KF Seetoh's Singaporean Street Food Revolution

I followed author and master food-seeker KF Seetoh around Singapore like it was my job. I mean, it was my job, that was one of the main reasons I set sail in the first place. But once I started asking him questions I really couldn't stop. Sometimes referred to as the Asian Bourdain, Seetoh was born and raised with a deep understanding of Singaporean food culture as it pertains to its history. That's why he's the perfect man for the difficult task of explaining Singapore's culinary identity.

For those who don't know, Singapore is a city-state of about 5 million. It's teeny-tiny, comprised of a huge population of immigrants and native Singaporeans who are almost entirely descended from immigrants...not unlike our American selves. Their advantage, in addition to also being a very wealthy country, is population control. And I don't mean childbearing limits.

The way Singapore's culture and system work together is remarkably effective. No, you seriously cannot spit out your gum on the street, that is real. But in exchange for depositing your trash in any of their abundant receptacles and adhering to other easy-to-follow rules, you are guaranteed not to get sick no matter how cheap the food you eat is. Everything is spotless, which legitimately makes Singapore the perfect breeding ground for the fusion of cuisines that make up Singapore's famously inexpensive and delicious street food, found at open-air food courts called hawker centers.

Seetoh wants to immortalize this cultural facet by establishing the first educational institute to analyze and preserve what makes this food great. Over kopi-c, a condensed milk-spiked coffee, and the famous kaya toast, I asked Seetoh my most pressing questions about Singapore's role in the ever-popular world of food culture, as well as where you go from being called the Asian Bourdain.

On a scale of one to Bourdain, how famous are you in Singapore?

CNN put me at the top of their list of the most powerful and famous people in Singapore last year. But that's CNN. I never compare such things, though. It's what you do that makes me think you are damn great or not.

You told me the other night on our never-ending hawker crawl: "If I ever lost my job, I would become a hawker." What's the likelihood of losing your job?

What I do is not a job. Nobody would hire me for what I do, and so I hired myself and will forever be hiring myself. So the likelihood is not very. I'm too weird and strange. I walk on the other side of the road to be considered normal.

You started off as a photojournalist. When did you start, and what made you move on?

I quit school in 1978 or 1979 because I didn't believe in education. I believed in skills. I went on to study advertising art, which is a fancier term called "graphic design" today and loved it. I spent time in the army, where I became part of the military, then I became a photojournalist with the local paper while it was still private before the government muscled in. It's no fun to scratch something out from right under your nose, so I moved to anti-commercial work. I mean I wouldn't wake up unless you put a few thousand bucks on the table. Then in 1995, I started an online Asian photo library.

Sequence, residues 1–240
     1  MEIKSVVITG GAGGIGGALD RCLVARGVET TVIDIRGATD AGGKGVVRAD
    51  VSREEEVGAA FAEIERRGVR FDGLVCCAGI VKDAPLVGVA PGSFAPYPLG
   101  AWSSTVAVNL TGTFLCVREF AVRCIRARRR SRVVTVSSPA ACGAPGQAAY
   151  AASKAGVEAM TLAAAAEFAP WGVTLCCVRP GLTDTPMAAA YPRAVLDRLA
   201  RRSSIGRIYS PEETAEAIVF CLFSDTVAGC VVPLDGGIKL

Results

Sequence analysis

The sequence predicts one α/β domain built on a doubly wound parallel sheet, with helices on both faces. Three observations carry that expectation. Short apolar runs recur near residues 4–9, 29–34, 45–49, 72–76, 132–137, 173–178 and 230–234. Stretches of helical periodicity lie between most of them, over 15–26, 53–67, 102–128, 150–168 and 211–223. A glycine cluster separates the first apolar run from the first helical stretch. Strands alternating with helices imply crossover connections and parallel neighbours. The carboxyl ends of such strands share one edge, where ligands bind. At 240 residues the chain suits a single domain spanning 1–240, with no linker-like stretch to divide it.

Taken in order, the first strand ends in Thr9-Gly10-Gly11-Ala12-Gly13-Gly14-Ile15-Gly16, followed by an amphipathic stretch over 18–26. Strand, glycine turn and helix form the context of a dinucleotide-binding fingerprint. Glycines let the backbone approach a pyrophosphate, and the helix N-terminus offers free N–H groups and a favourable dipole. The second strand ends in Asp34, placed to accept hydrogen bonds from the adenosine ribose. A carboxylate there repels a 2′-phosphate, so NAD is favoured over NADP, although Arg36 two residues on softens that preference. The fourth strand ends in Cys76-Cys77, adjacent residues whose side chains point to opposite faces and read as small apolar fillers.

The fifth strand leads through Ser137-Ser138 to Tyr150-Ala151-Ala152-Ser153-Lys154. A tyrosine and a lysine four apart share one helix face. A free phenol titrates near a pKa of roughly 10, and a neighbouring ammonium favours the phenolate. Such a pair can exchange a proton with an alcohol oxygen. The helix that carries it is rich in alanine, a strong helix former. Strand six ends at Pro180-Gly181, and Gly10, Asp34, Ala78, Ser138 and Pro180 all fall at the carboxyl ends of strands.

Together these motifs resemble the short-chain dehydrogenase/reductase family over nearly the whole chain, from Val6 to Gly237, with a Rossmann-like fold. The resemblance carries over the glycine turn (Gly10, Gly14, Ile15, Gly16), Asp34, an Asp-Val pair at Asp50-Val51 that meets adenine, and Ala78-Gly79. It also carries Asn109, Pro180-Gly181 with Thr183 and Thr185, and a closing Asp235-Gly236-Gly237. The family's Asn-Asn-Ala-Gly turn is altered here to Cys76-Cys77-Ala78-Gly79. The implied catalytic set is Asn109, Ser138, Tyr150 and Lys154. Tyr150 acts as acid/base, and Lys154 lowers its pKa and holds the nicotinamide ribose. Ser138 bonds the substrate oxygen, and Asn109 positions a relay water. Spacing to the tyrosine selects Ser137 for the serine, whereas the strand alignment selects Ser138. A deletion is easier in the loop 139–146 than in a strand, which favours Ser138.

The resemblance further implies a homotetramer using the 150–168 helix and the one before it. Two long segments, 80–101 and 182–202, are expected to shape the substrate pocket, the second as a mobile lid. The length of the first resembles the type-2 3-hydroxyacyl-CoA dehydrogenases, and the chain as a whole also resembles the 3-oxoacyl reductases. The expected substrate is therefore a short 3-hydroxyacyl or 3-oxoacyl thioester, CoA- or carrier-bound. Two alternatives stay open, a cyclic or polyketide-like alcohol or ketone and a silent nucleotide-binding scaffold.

Two years after we devised that, I ran into a wall. Cross-border payment was too troublesome, so I figured to do something fun. I liked to tell stories, I liked imagery and I'm very into people's cultures, so I picked food. People love chicken and rice! When you mention local food, people have such affinity! There was not much media around then covering it. So I started it, and oh my, did I open a can of worms! My first book [Makansutra] sold out: In Singapore, if you sell 3,000 copies, they give you awards, and I sold 10,000 copies. I did pretty well.

Tell me about the young food blogger culture here. I've even heard Singaporeans make fun of how hardcore it is.

It's very encouraging to know that people want to celebrate [the culture]. But then again, there are so many bloggers. People want followers. It is such a lonely society. I'd rather have face-to-face interactions than Facebook. But Internet freedom can give them the attention and fame that they seek.

There are also those who want to capture what is true about Singapore before it become androgynous. I just penned an angry online article today about Singapore, how we are running out of ideas. Every other opening is something we have never heard of. Everybody wants new ideas and when there is something old and iconic, it's the "same old" curry puff or samosa.

Aren't you looking behind you to see what this country is made of before you advance? There is a world of ideas and we are a transient, migrant nation. We have inherited tens of thousands of years of culinary history – think of what India and China gave this land, not to mention Indonesia and the West.